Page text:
How To Write Serverless Functions in Python

By Michael Lavers

Editor’s note: This is an updated version of a blog post that originally appeared on the blog from IOpipe, which is now part of New Relic.

As you’ve undoubtedly heard, serverless has grown in leaps and bounds since the release of AWS Lambda. And while the idea of not having to manage a server and paying only for the compute resources you use—not to mention out-of-the-box horizontal autoscaling—may sound appealing, how do you know where to start?

If you’re a Python developer interested in serverless, you might have heard of the Serverless Framework, but maybe you find the prospect of working in an unfamiliar ecosystem like Node.js daunting. Maybe you’re unclear on what the framework does, or if it’s overkill for folks just getting started.

If these concerns speak to you, you’ve come to the right place. In this blog post, I’ll give you a brief tour of the Serverless Framework and show you how to use it to build a serverless application in Python.

A few considerations

Before we jump in, let’s get some questions out of the way.

Is my app/workload right for serverless?

This is probably the most important question you need to ask. While serverless has a lot to offer, it isn’t ideal for all apps/workloads. For example, the current maximum duration for an AWS Lambda function invocation is 15 minutes. If your app/workload can’t be broken up into 15 minute chunks, then serverless isn’t the best option.

For example, if your app uses WebSockets to maintain a persistent connection with the server, this connection would be closed and need to be reestablished every 15 minutes if you used AWS Lambda. You’d also be paying for all that compute time for a workload that’s really just keeping a socket open. AWS recently introduced WebSocket support for API Gateway , which gets around the persistent connection issue described above by breaking up every WebSocket exchange into its own function invocation, but the long-running persistent workloads caveat still applies.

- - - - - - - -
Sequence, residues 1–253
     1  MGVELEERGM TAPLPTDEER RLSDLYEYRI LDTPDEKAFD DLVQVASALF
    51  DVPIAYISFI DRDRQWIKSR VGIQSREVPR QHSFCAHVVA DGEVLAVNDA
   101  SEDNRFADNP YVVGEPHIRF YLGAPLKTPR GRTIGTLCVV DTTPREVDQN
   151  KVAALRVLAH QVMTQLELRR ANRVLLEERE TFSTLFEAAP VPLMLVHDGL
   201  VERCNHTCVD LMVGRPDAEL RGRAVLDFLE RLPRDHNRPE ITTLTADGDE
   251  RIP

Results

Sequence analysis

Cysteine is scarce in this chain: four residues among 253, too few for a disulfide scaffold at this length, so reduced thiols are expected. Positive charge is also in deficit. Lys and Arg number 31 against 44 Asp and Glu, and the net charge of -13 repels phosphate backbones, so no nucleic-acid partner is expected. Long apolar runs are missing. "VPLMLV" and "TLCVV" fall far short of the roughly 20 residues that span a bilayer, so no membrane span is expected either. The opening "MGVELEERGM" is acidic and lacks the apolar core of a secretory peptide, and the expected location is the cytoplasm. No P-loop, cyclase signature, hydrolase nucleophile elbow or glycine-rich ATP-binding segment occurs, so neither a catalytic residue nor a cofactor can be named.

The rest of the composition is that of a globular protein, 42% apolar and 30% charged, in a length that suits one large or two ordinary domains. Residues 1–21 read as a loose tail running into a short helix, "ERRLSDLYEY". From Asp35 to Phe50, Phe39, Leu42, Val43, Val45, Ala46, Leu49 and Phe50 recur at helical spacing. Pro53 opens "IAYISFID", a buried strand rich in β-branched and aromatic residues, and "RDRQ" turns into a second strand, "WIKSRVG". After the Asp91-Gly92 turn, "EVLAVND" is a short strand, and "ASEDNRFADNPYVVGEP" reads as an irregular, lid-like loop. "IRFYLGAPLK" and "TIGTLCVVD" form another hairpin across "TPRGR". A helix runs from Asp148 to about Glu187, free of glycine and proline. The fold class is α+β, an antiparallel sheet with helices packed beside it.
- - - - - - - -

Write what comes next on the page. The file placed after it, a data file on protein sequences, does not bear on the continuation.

If your app, on the other hand, is mostly stateless, like a REST or GraphQL API, then serverless may be a great fit, as HTTP requests rarely last 30 seconds, let alone 15 minutes.

Serverless really shines for workloads that might have spikes or periods of low activity. When your app/workload spikes, AWS Lambda provides considerable horizontal scaling— by default it can handle 1,000 concurrent requests out-of-the-box (but you can increase this limit). And when your app/workload is in a period of low activity, your meter doesn’t run at full tilt, which can save you a lot on operating expenses. Think about it: Most apps/workloads serve a range of timezones, so why pay full price to run your app/workload when your customers are sleeping?

If you’re still not sure whether or not your app/workload is a good fit, here’s a handy calculator to compare AWS Lambda to EC2.

Should I use Python 2 or 3?

The Python ecosystem has gone through a lot of changes in the past decade—the most significant being the release of Python 3 and the transition of many codebases from Python 2.x to 3.x. For new serverless projects, we recommend Python 3.x. While Python 2.7 has served many of us well, it no longer receives updates. So, if you haven’t already started your transition to 3.x, there’s no time like the present.

If you have an existing Python 2.7 project, you’re in luck, as AWS Lambda still supports 2.7, but you should seriously consider porting your code to Python 3.x as soon as possible. The advice we give in the rest of this post is compatible for both versions.

Should I use a web API or a worker?

Before we go over the serverless tools available to Python, let’s drill down a little more into our app/workload. If your web app serves a frontend with several web assets (HTML, JavaScript, CSS, and images), don’t serve these with a function. That’s not to say that you can’t—just that you shouldn’t. Remember, with AWS Lambda you pay for the time your function runs. It doesn’t make much sense to spend this time serving web assets. In fact, since your frontend likely has many web assets, this could turn a simple task into an expensive liability. For serving web assets, consider a content delivery network (CDN)—Amazon CloudFront is an AWS service built specifically for this purpose. (Check out their guide on how to use it with S3.)

But that really only covers your web app’s frontend. What if your app/workload doesn’t have a frontend at all? We’re going to break down the apps/workloads we talk about in this post into two categories: web APIs (REST, GraphQL, etc.), and workers. Hopefully you’re already thinking about what parts of your app will be served via a web API and what parts can be worker tasks that run in the background, so you can pick the right tool for your project.

Building a “hello world” function on the Serverless Framework

The Serverless Framework is a well-established leader and for good reason. They’ve put considerable time and effort into the developer experience to make it one of the most intuitive and accessible serverless tools out there. It also offers a comprehensive feature that supports multiple cloud vendors, in addition to AWS Lambda, and has a growing plugin ecosystem. For a Python developer, the Serverless Framework is a great starting point.